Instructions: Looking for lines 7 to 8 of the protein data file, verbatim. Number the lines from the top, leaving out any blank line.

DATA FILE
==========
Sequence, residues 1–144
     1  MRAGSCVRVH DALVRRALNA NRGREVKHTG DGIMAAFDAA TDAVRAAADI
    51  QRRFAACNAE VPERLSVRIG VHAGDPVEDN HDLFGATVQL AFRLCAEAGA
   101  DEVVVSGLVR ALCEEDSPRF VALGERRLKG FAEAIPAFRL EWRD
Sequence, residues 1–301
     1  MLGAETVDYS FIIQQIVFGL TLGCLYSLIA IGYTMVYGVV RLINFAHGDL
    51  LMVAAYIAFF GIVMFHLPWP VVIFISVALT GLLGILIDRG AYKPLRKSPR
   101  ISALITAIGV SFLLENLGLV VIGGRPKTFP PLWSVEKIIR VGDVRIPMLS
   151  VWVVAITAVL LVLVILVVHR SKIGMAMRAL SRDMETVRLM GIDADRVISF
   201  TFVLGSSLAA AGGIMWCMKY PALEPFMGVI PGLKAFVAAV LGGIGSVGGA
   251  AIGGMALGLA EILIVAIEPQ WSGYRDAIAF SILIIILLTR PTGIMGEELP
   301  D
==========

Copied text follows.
    51  LMVAAYIAFF GIVMFHLPWP VVIFISVALT GLLGILIDRG AYKPLRKSPR
   101  ISALITAIGV SFLLENLGLV VIGGRPKTFP PLWSVEKIIR VGDVRIPMLS